DUBLIN — China’s abrupt decision to lift COVID-19 travel curbs could accelerate a global recovery in air traffic – but after widespread staff shortages, the airline industry is now struggling with a shortage of jets, financiers said on Monday.
Three years after the spread of COVID-19 grounded thousands of airliners, demand for air travel is booming again, boosted by Beijing’s decision last month to unwind zero-COVID policies.
The world’s two largest aircraft lessors, Dublin-based AerCap and Chinese-owned Avolon, both predicted on Monday that global traffic would return to normal levels as soon as June – months earlier than most industry predictions.
“We are seeing a very strong rebound in travel,” AerCap Chief Executive Aengus Kelly told the Airline Economics conference in Dublin, the world’s air finance capital. “I think we will see a full return to 2019 in the middle of the year.”
After a 70% recovery in passenger traffic last year led by Europe and North America, Asia will drive growth in 2023, helped by the reopening in China, Avolon said in a report.
Others are more cautious.
“Airlines are not dramatically increasing their frequency to China. It’s going in the right direction but … it’s going to take some time,” aviation adviser Bertrand Grabowski said.
“For now, I think we must think about China in a cautious way,” Rob Morris, head of global consulting at Ascend by Cirium, added. “Passenger confidence is going to be a key thing.”
Data so far suggests Chinese are resuming travel ahead of the Lunar New Year, despite worries about infections, with passenger traffic jumping to 63% of 2019 levels since the annual travel season began.
The rebound comes after the crippling impact of COVID-19 globally saw dozens of airlines go out of business and wiped billions of dollars off balance sheets.
HIGHER FARES, LEASE RENTALS
In a sharp reversal, the industry’s biggest worry is getting hold of enough narrow-body jets, which are the most widely used, to meet demand as battered supply chains delay new deliveries.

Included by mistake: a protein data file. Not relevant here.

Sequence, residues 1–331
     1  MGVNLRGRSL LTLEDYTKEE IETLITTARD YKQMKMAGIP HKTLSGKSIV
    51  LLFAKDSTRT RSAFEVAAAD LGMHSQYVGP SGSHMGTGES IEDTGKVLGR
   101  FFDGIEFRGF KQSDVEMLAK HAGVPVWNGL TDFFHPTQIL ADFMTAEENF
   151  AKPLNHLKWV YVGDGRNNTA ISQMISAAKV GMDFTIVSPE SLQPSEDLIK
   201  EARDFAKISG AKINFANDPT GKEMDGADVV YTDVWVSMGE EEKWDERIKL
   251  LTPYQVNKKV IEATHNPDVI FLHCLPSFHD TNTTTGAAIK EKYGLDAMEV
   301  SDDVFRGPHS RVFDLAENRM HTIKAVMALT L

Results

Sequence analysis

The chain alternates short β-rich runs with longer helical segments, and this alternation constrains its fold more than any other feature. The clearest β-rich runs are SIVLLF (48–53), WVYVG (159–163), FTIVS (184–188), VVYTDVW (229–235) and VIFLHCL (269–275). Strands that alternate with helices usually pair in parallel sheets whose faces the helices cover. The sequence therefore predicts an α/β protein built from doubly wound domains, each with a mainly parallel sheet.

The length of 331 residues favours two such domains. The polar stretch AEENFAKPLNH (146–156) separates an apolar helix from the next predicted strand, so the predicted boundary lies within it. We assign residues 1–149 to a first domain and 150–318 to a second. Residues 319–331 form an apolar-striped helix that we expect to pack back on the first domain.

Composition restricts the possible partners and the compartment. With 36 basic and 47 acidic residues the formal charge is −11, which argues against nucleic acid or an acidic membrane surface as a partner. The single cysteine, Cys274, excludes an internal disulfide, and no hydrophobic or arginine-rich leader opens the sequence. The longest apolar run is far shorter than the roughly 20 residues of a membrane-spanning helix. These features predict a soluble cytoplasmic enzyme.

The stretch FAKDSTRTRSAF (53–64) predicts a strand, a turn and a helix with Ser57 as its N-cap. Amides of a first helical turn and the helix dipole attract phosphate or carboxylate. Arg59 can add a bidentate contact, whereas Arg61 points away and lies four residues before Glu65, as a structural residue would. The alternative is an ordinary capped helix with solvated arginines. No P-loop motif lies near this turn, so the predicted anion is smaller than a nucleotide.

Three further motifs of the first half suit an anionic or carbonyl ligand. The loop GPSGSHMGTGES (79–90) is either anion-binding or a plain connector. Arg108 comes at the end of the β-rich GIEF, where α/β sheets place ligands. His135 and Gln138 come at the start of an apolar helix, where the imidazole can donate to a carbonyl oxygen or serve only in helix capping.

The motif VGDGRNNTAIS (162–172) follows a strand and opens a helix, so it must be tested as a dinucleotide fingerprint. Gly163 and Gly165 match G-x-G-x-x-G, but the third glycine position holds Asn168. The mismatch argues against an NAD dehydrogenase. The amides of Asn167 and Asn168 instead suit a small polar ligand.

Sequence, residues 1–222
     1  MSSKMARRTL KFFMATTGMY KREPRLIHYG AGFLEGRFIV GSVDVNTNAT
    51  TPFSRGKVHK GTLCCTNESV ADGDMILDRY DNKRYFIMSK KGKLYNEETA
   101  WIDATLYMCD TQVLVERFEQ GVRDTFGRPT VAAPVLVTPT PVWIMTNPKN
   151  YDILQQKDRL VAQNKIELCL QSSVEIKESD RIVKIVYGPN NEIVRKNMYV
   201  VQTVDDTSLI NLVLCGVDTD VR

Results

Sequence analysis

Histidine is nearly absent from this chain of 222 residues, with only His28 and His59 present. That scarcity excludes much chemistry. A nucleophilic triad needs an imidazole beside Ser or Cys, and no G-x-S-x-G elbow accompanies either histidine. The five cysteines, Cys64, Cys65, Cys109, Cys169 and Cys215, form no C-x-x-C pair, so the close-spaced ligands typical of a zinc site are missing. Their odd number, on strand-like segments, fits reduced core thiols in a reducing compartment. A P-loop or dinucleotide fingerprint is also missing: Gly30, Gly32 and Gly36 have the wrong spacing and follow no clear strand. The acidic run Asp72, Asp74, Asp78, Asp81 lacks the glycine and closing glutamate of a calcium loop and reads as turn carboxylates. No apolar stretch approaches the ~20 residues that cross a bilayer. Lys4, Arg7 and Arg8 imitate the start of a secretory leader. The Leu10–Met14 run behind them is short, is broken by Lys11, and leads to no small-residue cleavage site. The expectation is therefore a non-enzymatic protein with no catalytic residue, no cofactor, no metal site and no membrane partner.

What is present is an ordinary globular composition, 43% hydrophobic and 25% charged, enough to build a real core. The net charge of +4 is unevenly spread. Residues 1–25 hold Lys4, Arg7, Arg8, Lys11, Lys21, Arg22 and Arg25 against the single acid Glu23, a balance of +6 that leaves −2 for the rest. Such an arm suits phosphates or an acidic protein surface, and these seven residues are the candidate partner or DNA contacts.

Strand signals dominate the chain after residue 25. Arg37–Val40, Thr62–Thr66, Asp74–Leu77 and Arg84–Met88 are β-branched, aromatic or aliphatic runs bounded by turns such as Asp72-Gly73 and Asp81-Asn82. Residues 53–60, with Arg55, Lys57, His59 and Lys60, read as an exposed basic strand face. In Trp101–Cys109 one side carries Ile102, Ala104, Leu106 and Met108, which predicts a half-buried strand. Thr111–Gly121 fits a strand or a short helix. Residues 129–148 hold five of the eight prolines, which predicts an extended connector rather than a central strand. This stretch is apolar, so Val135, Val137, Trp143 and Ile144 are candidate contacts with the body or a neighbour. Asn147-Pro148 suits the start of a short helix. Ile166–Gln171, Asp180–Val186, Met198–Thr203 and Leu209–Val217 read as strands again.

On top of that, severe bottlenecks in maintenance, repair and overhaul (MRO) plants are frustrating efforts to keep existing jets in regular service or get others out of storage.
“The bottom line is MRO; they are totally full,” Grabowski said, adding stored aircraft needed extensive checks.
Leasing chiefs used the Dublin conference stage to hammer planemakers over delivery delays, with Steven Udvar-Hazy, executive chairman of Air Lease and one of the industry’s founders, saying manufacturers had “grossly misjudged” output.
Airbus and Boeing had no immediate comment.
Privately, many airline executives acknowledge the shortages have allowed them to hold air fares higher to help replenish balance sheets, cushioning them against fears of a recession.
The same is true of aircraft rentals charged by lessors, some of which have on average risen by double-digit percentages over the past 12 to 24 months, according to Morris.
“The basic mood is cautious optimism because we hear about China’s market opening,” Marjan Riggi, a senior managing director at Kroll Bond Rating Agency, told Reuters.
“China is the second biggest market in the world in aviation. And if they’re successful with the opening of borders – which is somewhat debatable given the rise of COVID in China as we speak – that’s bound to help with traffic going up.
“The one thing that’s not clear is whether there is enough aircraft supply to meet demand.”
At the same time, macroeconomic concerns continue to dog an industry whose traffic trends closely track economic growth.
Inflation is driving up prices of aircraft spare parts, while raising questions over the resilience of travel demand.
With interest rates racing higher to combat inflation, leasing companies must pay significantly more to service the large debts inherited from a multi-year plane ordering boom.
All airlines face volatile oil prices, and those in most emerging markets face a steep rise in the cost of dollars needed to pay for aircraft rentals and fuel.
All this is happening while the industry is figuring out how to implement and pay for pledges to reach net-zero emissions by 2050.
This week’s gathering of more than 2,000 financiers, lessors, investors, airline bosses and manufacturers will spawn hundreds of private meetings to whip up financial backing for newly delivered aircraft or to find new homes for old ones.
Kelly said more airlines were purchasing 18-20-year old used jets to fill gaps rather than risk being hit by delivery delays. (Reporting by Tim Hepher and Joanna Plucinska; Additional reporting by Conor Humphries and Padraic Halpin; Editing by Emelia Sithole-Matarise and Mark Potter)